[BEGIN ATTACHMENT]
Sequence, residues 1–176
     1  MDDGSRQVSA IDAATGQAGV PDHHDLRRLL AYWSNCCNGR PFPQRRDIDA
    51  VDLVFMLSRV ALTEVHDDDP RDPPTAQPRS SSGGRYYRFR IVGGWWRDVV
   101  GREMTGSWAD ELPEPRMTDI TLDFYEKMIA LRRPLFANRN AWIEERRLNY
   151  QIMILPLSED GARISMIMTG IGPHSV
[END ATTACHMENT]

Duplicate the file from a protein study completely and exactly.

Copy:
Sequence, residues 1–176
     1  MDDGSRQVSA IDAATGQAGV PDHHDLRRLL AYWSNCCNGR PFPQRRDIDA
    51  VDLVFMLSRV ALTEVHDDDP RDPPTAQPRS SSGGRYYRFR IVGGWWRDVV
   101  GREMTGSWAD ELPEPRMTDI TLDFYEKMIA LRRPLFANRN AWIEERRLNY
   151  QIMILPLSED GARISMIMTG IGPHSV